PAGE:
Things to look for when choosing the best camera for an overland African safari is a large zoom capability. The second factor to consider is having a high number of frames per second that the camera can shoot, aim for 5+ frames per second or a burst mode. I would bring a GoPro, but not for wildlife photos. GoPros are great for action shots and you will use it a lot during the safari, but the camera is too wide angle to get good wildlife shots. You need to be very close to things for a GoPro to get good pictures and I don’t recommend getting that close to a lion or other African wildlife. The new GoPro Hero5 black would be great to have on an African safari because it has voice command, so if you see a lion you could just hello “Go Pro Take Burst.”
I didn’t have my DJI drone on my last African safari…I can only image the footage you could capture from a drone above the Serengeti or sand dunes in Namibia. Drones are getting cheaper and cheaper as well as smaller and easy to travel with. We own the DJI Phantom 3 Professional but it’s worth checking out the DJI Mavic which is super small and compact as well as GoPro Karma which has a detachable gimbal which would come in handy in Africa. Make sure to purchase extra batteries, drone batteries typically only last for 20 minutes of flying time.
If you are planning on bringing a DSLR I would suggest a monopod or a tripod to take good shots from the Land Rovers while on game drives. As if you want to take any star photos a tripod is a must. My MeFoto tripod is a really good compact tripod option.
No matter the camera you bring make sure to buy an extra battery or two and a large memory card. If you don’t plan on bringing a computer or other device to take photos off your memory card consider bringing multiple memory cards. For higher end cameras make sure to buy faster cards 600x (90mbps) or faster to get the maximum number of frames per second when you see something cool. For additional photography tips see my guide to taking better photos on an overland safari here.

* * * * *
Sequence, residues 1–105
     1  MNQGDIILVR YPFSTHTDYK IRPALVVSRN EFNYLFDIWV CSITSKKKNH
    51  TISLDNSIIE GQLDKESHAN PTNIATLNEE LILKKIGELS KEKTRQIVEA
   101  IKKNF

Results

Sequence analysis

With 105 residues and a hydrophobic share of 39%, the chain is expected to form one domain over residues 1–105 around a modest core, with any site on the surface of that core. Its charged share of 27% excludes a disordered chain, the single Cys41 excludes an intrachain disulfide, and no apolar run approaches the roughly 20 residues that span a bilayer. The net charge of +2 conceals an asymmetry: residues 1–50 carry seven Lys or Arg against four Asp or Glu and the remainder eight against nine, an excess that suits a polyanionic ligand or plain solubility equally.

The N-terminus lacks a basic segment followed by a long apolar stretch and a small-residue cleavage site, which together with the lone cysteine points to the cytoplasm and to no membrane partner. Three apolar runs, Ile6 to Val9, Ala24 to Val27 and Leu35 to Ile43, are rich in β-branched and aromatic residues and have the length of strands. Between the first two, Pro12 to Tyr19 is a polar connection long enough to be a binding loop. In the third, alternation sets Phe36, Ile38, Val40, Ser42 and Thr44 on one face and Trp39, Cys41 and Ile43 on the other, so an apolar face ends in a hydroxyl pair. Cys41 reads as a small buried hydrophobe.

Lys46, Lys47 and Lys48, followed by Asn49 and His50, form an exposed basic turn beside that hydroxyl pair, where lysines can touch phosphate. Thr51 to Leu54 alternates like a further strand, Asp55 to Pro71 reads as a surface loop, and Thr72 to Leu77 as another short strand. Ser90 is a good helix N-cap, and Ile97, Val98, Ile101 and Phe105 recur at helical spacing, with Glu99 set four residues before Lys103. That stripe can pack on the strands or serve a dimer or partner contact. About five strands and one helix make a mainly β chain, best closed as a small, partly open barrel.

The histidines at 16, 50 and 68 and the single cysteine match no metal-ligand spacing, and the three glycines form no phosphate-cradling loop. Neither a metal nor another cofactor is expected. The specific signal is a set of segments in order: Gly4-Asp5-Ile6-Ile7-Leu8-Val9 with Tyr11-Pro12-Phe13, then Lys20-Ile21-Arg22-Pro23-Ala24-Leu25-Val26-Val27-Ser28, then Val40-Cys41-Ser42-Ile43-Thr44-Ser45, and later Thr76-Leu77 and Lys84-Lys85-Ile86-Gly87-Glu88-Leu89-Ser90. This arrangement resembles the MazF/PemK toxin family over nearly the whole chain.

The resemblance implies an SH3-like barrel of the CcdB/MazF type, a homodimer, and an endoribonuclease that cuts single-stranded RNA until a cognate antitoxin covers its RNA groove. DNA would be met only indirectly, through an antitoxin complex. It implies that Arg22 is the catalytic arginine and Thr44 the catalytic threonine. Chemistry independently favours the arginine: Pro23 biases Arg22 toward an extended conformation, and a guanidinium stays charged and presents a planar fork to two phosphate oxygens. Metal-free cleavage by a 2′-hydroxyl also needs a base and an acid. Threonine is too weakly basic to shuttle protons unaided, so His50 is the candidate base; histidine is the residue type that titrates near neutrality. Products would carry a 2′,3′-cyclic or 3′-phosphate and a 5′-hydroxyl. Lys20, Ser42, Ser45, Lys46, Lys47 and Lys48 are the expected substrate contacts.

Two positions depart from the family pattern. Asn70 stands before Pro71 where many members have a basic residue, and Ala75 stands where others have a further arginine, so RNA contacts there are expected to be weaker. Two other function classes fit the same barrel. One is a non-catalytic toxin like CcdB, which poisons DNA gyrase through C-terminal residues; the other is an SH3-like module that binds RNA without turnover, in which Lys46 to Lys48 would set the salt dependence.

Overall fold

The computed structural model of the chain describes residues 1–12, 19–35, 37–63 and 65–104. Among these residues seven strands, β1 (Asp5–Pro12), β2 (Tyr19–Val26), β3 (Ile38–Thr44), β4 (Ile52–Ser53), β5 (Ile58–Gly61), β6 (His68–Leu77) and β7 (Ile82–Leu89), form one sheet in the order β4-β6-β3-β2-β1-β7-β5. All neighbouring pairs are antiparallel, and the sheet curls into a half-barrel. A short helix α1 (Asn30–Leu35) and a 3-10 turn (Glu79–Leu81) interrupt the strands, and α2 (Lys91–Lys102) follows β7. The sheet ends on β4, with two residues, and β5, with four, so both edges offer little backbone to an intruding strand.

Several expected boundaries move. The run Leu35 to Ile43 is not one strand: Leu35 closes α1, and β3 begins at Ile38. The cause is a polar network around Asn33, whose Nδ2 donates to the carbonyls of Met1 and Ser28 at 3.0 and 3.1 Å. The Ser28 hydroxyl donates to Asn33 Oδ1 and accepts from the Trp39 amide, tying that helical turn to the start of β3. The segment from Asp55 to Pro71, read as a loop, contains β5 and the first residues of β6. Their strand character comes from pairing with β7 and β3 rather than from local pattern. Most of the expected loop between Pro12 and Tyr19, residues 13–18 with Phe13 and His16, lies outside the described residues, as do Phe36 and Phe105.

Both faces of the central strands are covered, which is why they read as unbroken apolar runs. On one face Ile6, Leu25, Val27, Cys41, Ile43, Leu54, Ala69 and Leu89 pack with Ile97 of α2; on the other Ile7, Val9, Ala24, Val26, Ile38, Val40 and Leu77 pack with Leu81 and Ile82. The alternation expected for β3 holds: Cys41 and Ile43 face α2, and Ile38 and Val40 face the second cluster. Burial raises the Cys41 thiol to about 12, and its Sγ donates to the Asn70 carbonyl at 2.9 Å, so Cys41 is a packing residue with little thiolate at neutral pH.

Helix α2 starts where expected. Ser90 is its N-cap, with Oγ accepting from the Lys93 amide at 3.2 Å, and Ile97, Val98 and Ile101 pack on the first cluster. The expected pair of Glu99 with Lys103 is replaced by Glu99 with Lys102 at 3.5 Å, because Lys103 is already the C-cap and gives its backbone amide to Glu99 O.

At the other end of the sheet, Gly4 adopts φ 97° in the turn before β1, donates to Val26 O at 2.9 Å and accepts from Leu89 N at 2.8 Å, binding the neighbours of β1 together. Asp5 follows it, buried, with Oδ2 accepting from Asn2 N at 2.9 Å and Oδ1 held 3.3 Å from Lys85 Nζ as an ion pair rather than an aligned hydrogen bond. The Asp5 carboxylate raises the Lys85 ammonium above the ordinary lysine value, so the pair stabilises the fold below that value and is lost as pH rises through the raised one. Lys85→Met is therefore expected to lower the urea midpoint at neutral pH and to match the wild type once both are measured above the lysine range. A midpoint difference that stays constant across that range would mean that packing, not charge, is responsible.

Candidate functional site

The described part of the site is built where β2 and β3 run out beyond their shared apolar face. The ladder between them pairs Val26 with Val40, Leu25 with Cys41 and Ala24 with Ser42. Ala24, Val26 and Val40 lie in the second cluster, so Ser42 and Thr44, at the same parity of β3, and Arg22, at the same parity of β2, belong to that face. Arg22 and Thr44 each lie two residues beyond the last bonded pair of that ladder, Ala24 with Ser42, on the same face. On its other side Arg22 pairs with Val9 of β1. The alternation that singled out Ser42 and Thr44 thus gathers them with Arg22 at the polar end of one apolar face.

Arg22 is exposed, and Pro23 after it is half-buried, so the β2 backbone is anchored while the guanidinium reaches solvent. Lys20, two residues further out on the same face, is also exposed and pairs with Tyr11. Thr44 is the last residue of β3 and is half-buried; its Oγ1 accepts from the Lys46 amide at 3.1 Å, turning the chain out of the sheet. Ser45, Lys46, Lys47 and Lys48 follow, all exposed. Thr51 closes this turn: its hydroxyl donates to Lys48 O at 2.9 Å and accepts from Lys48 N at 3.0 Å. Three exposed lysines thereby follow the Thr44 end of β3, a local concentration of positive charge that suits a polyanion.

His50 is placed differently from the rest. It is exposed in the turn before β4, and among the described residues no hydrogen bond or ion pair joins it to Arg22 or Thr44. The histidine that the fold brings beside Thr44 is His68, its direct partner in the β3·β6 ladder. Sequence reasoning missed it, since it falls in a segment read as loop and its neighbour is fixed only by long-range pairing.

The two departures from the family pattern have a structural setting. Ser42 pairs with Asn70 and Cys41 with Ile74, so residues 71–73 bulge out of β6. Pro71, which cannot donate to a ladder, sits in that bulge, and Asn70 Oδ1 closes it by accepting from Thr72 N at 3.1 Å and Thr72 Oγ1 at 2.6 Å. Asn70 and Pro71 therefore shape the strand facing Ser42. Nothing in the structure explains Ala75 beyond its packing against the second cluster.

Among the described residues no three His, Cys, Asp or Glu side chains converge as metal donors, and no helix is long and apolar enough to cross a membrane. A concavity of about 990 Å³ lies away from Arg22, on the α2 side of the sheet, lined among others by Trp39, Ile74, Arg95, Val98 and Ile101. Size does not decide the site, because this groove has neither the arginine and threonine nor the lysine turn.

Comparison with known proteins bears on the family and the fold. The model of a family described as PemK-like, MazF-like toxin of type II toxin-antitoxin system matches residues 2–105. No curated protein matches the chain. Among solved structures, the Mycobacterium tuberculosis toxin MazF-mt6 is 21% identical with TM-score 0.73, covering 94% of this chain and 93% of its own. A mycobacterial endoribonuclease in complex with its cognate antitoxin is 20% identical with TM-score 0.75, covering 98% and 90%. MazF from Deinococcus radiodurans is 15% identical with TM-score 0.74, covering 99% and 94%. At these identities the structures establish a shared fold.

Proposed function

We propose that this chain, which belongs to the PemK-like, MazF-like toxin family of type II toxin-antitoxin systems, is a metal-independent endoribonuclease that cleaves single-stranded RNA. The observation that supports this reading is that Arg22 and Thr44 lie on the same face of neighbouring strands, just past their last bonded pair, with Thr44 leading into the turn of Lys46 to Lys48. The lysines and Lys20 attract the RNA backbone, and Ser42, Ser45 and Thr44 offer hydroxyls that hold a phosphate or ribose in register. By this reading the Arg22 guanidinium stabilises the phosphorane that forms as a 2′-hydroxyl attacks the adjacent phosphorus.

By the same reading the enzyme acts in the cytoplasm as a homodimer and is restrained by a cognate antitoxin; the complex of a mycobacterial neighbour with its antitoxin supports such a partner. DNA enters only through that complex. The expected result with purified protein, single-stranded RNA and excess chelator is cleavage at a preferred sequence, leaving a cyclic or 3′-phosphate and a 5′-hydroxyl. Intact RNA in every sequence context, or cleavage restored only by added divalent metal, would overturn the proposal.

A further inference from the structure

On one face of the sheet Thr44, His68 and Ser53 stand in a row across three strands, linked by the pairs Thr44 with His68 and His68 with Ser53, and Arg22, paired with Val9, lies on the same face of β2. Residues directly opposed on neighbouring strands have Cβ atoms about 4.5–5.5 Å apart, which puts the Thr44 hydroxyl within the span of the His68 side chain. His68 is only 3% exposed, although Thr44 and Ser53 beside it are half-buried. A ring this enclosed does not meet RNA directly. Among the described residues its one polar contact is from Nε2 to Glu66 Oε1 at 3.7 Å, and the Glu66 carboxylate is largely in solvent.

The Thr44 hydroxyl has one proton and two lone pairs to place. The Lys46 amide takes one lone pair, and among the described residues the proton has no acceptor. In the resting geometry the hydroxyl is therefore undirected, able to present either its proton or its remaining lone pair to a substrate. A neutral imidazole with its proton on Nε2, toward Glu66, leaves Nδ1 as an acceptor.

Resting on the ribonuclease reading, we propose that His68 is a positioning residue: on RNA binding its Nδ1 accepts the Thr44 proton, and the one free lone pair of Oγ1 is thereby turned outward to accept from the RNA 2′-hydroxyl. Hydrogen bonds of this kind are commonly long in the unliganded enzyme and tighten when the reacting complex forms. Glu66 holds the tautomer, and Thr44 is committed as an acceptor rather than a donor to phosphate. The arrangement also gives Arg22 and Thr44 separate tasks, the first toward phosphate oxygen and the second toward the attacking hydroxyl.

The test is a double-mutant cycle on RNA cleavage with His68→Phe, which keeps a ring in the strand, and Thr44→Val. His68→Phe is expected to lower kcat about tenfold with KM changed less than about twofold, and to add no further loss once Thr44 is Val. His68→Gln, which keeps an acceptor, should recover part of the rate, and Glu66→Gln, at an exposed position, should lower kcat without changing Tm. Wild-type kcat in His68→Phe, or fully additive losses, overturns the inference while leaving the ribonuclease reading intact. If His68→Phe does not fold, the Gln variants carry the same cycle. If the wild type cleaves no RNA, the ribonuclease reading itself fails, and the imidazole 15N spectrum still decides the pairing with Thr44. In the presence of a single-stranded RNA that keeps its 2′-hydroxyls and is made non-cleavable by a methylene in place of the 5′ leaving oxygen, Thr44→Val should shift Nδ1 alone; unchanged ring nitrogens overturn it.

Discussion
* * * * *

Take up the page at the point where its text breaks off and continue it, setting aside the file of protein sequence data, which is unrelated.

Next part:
Bring A Day Bag For Game Drives
There are several portions of an overland safari where you will leave the large overland truck and travel in a small Land Rovers into the game parks. In the Serengeti, Masi Mara, Zanzibar, and Chobe National Parks we traveled in a Land Rover that could handle the terrain, and slept in campsites arranged by a secondary company. For these days, you will leave your main gear in the lockers of the big overland truck and just bring a day bag. In the day bag just pack enough for the time in the park. We didn’t know this when we were trying to figure out what to pack for an overland safari, but luckily we had a bag that worked for a day bag.
- Clothes for the short trip
- Basic toiletries
- Headlamps/torches these can be some of the darkest campsites
- Sometimes your pillow and sleeping bag, your tour guides will advise you
The rest of your gear will be safe in the truck, it stays in the locker with the crew at a campground (for most companies). I hate leaving my gear anywhere, but I felt pretty good about it being safe, and every time everything was safe. The campground isn’t going to steal your junk and risk losing the business from the overland safari companies. We never had any issues on our Acacia Africa tour.
Necessary Accessories To Pack For An Overland African Safari
- Headlamp you’ll need for setting up your tent in Africa on early morning game drives in Africa or midnight bathroom runs.
- 2 combination locks with a thin metal hoop (luggage sized) – The locking holes in the locker are narrow and bring two because the bouncing of the trucks breaks the locks often, 3 people on our last trip had this happen
- Spare batteries for headlamp and anything else that takes disposable batteries
- A baseball or brimmed hat to keep the sun out of your eyes, the African sun is strong
- A winter hat for cold mornings and nights
- Gloves if you get cold easy
- A bandana or Buff – to cover your face on dusty drives (especially in Namibia)
- Towel – preferably quick drying pack towel
- Sandals for showering in community showers at safari campsites
- Sturdy shoes (even though you don’t do much walking at all on an overland tour)